Tags: Coca-Cola | stock | Buffett | pay

Coca-Cola Trims Stock Compensation Plan in Wake of Criticism

Wednesday, 01 October 2014 02:36 PM

Coca-Cola Co., whose employee stock-compensation plan was called excessive by billionaire Warren Buffett and other investors, said it would rein in the program.

Fewer shares will be issued to employees and more transparency will be provided into how the program works, the Atlanta-based company said today in a statement. The number of shares granted will be no more than 0.8 percent of total outstanding stock in 2015 and an average of 0.4 percent for the remainder of the plan.

Coca-Cola investor Wintergreen Advisers LLC, run by David Winters, railed against the compensation plan this year, calling it a “raw deal” for shareholders that was too generous and diluted the stock. Buffett, Coca-Cola’s largest shareholder, also spoke out against the program, though only after the plan passed. He abstained from voting on it at Coca-Cola’s annual meeting in April.

“Shareowner input on this important topic has directly led to the development of these new guidelines, which are in line with the long-term interests of shareowners,” Maria Elena Lagomasino, chairman of Coca-Cola’s compensation committee, said in today’s statement.

Winters said the move was an admission by Coca-Cola that the stock-compensation program was “outrageously excessive and inconsistent with past plans.” The beverage company still needs to do more to restore the trust of investors, he said.

Board ‘Backtracking’

“No amount of backtracking by the Coca-Cola board of directors can hide the fact that we believe it tried to sneak one by shareholders in Coca-Cola’s proxy materials and statements at the April shareholder meeting,” he said in an e- mailed statement.“Today’s statement by Coca-Cola only calls into question the competence and leadership of the board of directors and management.”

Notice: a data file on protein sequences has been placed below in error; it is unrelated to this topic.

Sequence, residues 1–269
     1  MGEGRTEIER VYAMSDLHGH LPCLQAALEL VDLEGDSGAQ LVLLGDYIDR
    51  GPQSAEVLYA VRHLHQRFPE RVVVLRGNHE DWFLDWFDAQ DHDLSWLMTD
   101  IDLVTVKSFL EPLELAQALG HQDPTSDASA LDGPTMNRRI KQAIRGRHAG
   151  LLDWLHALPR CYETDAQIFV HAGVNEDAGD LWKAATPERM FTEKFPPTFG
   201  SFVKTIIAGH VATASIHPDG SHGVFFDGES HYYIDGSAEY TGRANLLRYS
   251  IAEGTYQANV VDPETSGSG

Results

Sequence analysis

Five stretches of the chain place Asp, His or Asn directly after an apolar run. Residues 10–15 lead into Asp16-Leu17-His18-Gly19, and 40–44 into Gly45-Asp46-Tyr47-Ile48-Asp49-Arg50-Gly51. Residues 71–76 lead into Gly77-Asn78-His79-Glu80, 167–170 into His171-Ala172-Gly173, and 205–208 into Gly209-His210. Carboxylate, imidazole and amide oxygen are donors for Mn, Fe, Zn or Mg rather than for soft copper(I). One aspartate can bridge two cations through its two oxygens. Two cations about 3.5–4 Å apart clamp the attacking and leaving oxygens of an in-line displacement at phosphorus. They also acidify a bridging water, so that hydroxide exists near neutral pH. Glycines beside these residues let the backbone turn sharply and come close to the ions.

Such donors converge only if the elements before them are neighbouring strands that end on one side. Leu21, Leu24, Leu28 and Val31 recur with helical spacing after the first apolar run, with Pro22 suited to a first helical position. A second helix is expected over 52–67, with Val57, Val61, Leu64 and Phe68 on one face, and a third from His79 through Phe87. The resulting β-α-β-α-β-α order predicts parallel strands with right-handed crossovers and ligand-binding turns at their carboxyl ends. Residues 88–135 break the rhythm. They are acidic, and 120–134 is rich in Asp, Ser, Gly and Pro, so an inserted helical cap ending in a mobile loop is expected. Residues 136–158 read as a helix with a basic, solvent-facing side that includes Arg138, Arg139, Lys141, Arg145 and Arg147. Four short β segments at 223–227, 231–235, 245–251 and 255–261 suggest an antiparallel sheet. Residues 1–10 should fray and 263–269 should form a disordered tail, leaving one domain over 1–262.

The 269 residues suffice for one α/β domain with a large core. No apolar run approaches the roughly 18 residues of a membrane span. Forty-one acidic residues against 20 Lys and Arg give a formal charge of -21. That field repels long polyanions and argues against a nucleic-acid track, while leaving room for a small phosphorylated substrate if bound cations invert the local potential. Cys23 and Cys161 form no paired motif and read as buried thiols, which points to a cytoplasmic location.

Coca-Cola declined to comment on Winters’s remarks. Buffett, meanwhile, didn’t immediately respond to a request for comment sent to an assistant.

Coca-Cola shares fell 0.5 percent to $42.45 at 1:59 p.m. in New York. The stock had climbed 3.3 percent this year through yesterday, compared with a 12 percent gain for PepsiCo Inc. and a 6.7 percent advance for the Standard & Poor’s 500 Index.

In April, Buffett said his loyalty to Coca-Cola prevented him from voting against the program, even though he didn’t approve of it.

“I could never vote against Coca-Cola, but I couldn’t vote for the plan either,” he said in an interview at the time. “That’s just the way I feel about the people there.”

Berkshire Stake

Wintergreen sold its stake in Buffett’s Berkshire Hathaway Inc. after Buffett’s abstention. A regulatory filing in August showed the firm held no shares in Omaha, Nebraska-based Berkshire at the end of June. Wintergreen had held 1.2 million Class B shares of Berkshire on March 31, when the stake was valued at about $151 million.

“As a longtime shareholder of Berkshire, Mr. Buffett’s words and actions (or more aptly, inactions) regarding Coke’s 2014 equity plan did not sit well with us,” Winters said in August. “We no longer felt that Warren Buffett was looking out for his shareholders’ interests.”

Winters had said Coca-Cola’s equity plan, in addition to ones already enacted, could dilute shareholders by 16.6 percent and transfer $29.8 billion to managers. Coca-Cola had already granted long-term equity compensation to about 6,400 employees in 2013.

CEO’s Pay

The investor also criticized Coca-Cola Chief Executive Officer Muhtar Kent, saying he was paid excessively despite recent underperformance.

Coca-Cola disputed Wintergreen’s calculations, and Buffett said in May that he declined to join the investor’s campaign in part because he didn’t want to endorse assertions that were “wildly inaccurate.”

Coca-Cola said today that Buffett’s input was “very important,” without elaborating on how the talks occurred.

“We are grateful for discussions with him on this key investor issue,” Petro Kacur, a Coca-Cola spokesman, said in an e-mail. “It was the responsibility and action of the compensation committee, supported by the full board, to develop the guidelines. Mr. Buffett is fully supportive of the approach.”

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Coca-Cola, whose employee stock-compensation plan was called excessive by billionaire Warren Buffett and other investors, said it would rein in the program.
Coca-Cola, stock, Buffett, pay
Wednesday, 01 October 2014 02:36 PM
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